Assuming then that God is love, it may be asked, how does that harmonise with the text? How is it to be reconciled with words whereby God represents himself as pouring down his fury like a thunder shower, and, in a storm of indignation, scattering his people as worthless chaff blown away upon the wind. How, it may be asked, does such language consist with God's love and mercy?
Now, there is no greater mistake than to suppose that the divine Being, as a God of justice and a God of mercy, stands in antagonism to himself. Observe, I pray you, that it is not mercy but injustice, which is irreconcilable with justice, and that it is cruelty, not justice, that stands opposed to mercy. These attributes of Jehovah are not contrary the one to the other, as are light and darkness, fire and water, truth and falsehood, right and wrong. No. Like two separate streams which unite their waters to form a common river, justice and mercy are combined in the covenant of redemption. Like the two cherubims whose outstretched wings met above the ark, or like the two devout and holy men who drew the nails from Christ's body, and bore the sacred burden to the grave, or like the two angels who received it in charge, and, seated like mourners within the sepulchre, the one at the head, the other at the feet, kept silent watch over the precious treasure, justice and mercy are associated in the work of Christ. They are the supporters of the shield on which the cross is emblazoned. They sustain the arms of our heavenly advocate. They form the two solid, immovable, and eternal pillars of the Mediator's throne. On Calvary, mercy and truth meet together, righteousness and peace kiss each other.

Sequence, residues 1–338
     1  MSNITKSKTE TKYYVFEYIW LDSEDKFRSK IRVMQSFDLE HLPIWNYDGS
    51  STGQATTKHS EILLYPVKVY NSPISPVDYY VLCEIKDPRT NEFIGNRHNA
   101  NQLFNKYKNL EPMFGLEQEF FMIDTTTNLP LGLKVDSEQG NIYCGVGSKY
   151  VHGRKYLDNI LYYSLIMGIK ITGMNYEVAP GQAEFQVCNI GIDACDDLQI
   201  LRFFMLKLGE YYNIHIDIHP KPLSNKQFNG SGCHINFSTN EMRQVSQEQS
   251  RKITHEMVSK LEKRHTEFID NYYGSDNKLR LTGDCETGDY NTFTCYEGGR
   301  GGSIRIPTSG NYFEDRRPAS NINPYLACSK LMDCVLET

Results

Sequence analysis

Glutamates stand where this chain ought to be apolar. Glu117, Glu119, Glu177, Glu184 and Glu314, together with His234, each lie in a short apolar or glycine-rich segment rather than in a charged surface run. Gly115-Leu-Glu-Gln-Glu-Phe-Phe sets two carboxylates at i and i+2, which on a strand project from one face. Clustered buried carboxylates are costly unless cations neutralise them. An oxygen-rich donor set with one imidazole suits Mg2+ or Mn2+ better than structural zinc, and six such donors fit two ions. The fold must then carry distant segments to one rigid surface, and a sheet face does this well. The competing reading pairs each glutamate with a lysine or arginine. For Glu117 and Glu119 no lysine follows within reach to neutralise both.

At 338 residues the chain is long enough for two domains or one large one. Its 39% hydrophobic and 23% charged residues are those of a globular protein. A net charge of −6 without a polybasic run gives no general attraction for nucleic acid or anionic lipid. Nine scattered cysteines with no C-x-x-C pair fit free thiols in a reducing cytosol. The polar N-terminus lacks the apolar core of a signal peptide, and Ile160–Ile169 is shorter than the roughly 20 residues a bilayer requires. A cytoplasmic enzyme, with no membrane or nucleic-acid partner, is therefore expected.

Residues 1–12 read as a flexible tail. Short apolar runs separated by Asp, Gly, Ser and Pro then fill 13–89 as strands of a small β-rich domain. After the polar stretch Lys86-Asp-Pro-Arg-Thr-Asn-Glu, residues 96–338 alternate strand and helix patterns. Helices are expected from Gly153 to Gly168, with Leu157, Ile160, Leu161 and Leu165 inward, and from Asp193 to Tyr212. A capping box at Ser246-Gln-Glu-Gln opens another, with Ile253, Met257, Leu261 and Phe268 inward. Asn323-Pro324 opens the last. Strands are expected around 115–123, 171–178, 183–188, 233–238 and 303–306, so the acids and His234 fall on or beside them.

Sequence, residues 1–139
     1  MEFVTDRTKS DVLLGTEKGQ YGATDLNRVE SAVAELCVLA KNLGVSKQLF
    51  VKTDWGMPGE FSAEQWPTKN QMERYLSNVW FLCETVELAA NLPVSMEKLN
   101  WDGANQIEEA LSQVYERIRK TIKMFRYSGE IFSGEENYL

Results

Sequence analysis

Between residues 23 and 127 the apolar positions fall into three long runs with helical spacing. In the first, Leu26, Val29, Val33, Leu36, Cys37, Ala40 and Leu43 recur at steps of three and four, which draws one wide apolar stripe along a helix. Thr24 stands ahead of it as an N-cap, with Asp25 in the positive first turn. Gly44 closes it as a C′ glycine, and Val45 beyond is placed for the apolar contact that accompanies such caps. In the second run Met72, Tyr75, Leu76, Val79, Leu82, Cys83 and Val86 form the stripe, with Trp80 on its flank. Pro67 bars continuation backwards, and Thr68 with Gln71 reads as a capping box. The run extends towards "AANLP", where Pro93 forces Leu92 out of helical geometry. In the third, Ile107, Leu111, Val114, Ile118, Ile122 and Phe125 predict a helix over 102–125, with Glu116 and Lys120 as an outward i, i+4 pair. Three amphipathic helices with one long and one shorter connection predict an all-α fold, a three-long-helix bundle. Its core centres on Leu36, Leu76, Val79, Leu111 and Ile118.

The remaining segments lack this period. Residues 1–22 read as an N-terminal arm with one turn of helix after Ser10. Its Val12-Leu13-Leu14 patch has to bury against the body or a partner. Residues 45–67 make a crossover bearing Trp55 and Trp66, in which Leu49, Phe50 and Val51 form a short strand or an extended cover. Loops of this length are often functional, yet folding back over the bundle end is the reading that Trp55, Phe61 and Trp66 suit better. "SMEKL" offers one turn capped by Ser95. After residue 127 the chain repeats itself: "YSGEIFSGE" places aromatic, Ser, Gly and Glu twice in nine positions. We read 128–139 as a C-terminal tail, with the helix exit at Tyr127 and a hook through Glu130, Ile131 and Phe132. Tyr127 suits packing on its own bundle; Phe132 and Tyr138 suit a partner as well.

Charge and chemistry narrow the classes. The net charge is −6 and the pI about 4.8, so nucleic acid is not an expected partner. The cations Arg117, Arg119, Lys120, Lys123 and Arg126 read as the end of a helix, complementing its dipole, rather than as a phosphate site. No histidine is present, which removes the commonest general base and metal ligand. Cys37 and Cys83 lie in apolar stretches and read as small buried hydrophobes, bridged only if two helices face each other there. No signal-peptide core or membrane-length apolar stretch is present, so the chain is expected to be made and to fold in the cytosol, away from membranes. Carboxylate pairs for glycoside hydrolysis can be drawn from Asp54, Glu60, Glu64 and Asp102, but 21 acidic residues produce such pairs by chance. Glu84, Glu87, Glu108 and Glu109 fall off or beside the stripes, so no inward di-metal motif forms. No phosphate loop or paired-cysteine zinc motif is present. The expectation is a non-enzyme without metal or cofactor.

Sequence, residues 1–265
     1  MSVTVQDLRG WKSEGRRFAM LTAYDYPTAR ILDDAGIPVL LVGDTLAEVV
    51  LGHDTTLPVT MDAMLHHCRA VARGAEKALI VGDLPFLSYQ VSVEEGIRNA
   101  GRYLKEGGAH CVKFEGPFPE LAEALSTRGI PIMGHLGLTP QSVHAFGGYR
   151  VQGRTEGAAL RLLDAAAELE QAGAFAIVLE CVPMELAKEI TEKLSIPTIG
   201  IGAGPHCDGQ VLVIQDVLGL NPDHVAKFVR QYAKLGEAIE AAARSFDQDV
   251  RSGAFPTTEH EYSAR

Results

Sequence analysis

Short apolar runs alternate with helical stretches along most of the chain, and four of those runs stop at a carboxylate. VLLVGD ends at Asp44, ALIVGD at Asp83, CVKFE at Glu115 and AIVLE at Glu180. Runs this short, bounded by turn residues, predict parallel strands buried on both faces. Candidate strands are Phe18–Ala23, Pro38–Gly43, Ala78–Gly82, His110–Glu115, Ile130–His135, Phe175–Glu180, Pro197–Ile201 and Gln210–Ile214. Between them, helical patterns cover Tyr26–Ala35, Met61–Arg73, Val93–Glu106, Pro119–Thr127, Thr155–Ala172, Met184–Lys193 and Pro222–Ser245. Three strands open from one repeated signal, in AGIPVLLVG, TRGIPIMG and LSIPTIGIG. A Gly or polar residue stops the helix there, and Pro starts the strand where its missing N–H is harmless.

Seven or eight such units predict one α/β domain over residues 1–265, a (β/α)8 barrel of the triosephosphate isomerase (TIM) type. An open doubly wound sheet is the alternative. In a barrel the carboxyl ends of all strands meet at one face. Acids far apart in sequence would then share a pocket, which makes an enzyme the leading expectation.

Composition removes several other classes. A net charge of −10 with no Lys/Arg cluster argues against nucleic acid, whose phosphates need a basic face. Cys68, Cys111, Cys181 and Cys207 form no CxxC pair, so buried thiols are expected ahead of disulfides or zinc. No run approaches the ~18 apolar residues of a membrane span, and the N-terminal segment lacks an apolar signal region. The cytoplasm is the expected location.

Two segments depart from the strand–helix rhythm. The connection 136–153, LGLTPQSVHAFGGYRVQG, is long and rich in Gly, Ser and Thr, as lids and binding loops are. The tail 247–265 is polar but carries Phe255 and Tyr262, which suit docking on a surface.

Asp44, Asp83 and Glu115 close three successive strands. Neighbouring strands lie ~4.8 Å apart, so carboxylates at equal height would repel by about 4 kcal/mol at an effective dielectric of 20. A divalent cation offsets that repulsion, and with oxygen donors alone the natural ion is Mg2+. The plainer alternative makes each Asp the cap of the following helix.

These remarks may prepare us for entering with advantage on the solemn subject of God's punitive justice. Yet, ere we open the prison, and look down into the pit, I would further bespeak your candid and tender consideration of this affecting and most awful subject, by remarking

I. That God is slow to punish.